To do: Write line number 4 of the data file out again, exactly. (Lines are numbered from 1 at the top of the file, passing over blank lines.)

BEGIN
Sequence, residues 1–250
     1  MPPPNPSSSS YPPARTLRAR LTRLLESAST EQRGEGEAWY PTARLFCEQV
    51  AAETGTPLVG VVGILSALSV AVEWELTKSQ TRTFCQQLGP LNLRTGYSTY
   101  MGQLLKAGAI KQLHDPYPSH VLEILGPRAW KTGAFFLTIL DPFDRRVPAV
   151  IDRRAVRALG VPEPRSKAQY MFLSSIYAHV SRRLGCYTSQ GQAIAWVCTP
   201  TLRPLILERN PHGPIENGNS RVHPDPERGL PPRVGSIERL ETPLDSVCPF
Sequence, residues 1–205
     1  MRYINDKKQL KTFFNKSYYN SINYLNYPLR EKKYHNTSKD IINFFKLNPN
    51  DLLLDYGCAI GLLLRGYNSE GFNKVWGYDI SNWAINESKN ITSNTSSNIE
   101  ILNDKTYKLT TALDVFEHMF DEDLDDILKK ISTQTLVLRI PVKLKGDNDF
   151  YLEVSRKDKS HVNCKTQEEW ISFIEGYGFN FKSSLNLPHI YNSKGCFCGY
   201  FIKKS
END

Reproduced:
   101  MGQLLKAGAI KQLHDPYPSH VLEILGPRAW KTGAFFLTIL DPFDRRVPAV